Another love letter to early 20th-century cinema, based on the award-winning book "The Invention of Hugo Cabret" by Brian Selznick, and directed by Martin Scorsese. Hugo Cabret lives in a train station, winding the clocks daily, while searching for a key to an automaton left by his late father. He soon meets a young girl whose guardian (the local toy shop owner) carries a mysterious past, and possibly the key Hugo’s been looking for. Visually stunning and cinematic. Brilliant cast includes newcomer Asa Butterfield, Chloe Grace Moretz, Ben Kingsley, Sasha Baron Cohen, and Christopher Lee.

8. Super 8
Director J.J. Abrams follows his successful revamp of Star Trek with a nostalgic homage to Spielberg classics of the 70s and 80s, as a group of young kids witness a train crash in their small town one evening while filming a monster movie. This amalgamation of sci-fi action, mystery and drama combines memories of Jaws, Close Encounters, and The Goonies, while standing on its own. They haven’t made summer blockbusters like this in a long while. (Could’ve done without the language, though.)

9. The Adventures of Tintin
Steven Spielberg recalls his adventurous Indiana Jones series with a surprisingly entertaining and action-packed adaptation of Herge’s classic comic book boy detective. Aside from The Lord of the Rings and the recent Planet of the Apes films, this is the best use of motion capture I've ever seen in a feature film. Produced by Peter Jackson.

Other Honorable Mentions

Another Earth
Intriguing and moody sci-fi drama of a young woman with a checkered past, and the discovery of a replica of Earth in space.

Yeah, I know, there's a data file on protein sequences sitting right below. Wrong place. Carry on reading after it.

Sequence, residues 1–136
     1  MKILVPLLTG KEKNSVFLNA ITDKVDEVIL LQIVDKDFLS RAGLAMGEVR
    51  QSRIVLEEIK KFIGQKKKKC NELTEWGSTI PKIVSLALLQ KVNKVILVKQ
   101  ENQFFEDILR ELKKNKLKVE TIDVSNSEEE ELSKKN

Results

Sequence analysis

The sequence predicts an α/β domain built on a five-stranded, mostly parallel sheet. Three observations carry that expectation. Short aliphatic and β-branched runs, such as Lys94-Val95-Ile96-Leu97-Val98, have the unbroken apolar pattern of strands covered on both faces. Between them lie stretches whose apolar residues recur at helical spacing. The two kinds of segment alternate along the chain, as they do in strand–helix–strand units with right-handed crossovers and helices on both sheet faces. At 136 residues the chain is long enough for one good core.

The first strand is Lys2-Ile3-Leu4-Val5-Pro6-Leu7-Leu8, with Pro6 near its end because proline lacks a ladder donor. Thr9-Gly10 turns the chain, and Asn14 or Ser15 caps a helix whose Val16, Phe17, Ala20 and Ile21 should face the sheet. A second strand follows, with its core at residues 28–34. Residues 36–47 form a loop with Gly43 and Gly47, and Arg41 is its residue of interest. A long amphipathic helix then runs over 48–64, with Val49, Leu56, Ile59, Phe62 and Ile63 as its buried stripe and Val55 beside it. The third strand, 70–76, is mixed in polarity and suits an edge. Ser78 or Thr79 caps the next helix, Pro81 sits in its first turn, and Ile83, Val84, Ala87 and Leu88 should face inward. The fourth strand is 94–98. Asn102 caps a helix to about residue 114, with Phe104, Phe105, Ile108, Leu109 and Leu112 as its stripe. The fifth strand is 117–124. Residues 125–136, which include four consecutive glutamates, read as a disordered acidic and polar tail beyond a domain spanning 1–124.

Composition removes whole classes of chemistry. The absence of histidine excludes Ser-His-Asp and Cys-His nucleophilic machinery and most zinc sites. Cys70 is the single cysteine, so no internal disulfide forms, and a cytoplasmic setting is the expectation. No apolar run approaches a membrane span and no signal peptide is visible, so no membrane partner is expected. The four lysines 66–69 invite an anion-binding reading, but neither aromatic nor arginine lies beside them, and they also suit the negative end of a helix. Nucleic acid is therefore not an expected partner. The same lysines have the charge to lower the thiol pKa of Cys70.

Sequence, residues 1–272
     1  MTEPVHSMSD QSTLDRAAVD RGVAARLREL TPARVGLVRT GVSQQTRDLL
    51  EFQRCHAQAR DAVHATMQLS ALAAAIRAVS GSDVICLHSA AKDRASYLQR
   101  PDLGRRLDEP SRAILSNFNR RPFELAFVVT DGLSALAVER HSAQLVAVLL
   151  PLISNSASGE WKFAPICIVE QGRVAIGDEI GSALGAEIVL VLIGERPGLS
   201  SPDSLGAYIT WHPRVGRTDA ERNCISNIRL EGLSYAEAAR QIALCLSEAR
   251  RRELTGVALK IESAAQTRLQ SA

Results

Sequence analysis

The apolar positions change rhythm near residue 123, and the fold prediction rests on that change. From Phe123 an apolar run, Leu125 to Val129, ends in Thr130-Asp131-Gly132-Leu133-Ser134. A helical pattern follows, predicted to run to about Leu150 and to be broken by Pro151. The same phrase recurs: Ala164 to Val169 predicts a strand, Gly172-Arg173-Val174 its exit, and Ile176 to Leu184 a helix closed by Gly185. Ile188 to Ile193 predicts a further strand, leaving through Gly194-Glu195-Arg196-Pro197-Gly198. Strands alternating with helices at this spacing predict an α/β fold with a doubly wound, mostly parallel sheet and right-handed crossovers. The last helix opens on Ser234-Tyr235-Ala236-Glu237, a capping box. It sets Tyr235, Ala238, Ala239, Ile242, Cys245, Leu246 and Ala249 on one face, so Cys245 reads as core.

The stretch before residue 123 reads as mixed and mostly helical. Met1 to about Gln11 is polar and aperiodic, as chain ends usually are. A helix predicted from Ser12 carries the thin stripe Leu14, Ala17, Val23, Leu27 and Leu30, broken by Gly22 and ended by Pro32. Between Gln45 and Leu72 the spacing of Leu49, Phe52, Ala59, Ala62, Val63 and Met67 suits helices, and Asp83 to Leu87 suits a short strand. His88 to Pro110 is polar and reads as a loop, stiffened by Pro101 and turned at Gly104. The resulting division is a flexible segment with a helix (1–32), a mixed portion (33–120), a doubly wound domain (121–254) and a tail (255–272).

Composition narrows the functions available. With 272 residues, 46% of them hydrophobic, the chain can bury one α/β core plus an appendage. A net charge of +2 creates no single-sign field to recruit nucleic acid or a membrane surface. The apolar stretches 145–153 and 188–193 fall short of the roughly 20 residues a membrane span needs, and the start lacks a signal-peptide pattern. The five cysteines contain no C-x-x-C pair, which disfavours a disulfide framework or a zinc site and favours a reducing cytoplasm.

Jane Eyre
Beautiful and haunting adaptation of Charlotte Bronte’s classic novel, starring Mia Wasikowska and Michael Fassbender.

Kung-Fu Panda 2
A rare sequel that matches (and possibly improves on) its predecessor, as Po the panda takes the next step in his kung-fu journey and faces an even greater threat, while trying to piece together his past. Entertaining, funny, and surprisingly moving.

Mission: Impossible--Ghost Protocol
The previous outing in Tom Cruise’s film series started to get things on the right track, but it’s this fourth installment from director Brad Bird (The Incredibles) that scores a home run. Cruise is backed by Jeremy Renner, Paula Patton, and Simon Pegg, as the remaining members of the IMF (Impossible Mission Force) go rogue after being framed for a global disaster.

The Muppets
Writers Jason Segal and Nicholas Stoller (Forgetting Sarah Marshall) revive Jim Henson’s endearing characters (including Kermit the Frog, Miss Piggy, and Fozzie Bear) and idiosyncratic brand of humor as the gang is brought back together to save their old theater from an oil business tycoon (Chris Cooper). A real treat for kids and adults.

Previous post: Standout Films of the Decade: 2010

Next post: Standout Films of the Decade: 2012

Thursday, December 17, 2015

Standout Films of the Decade: 2010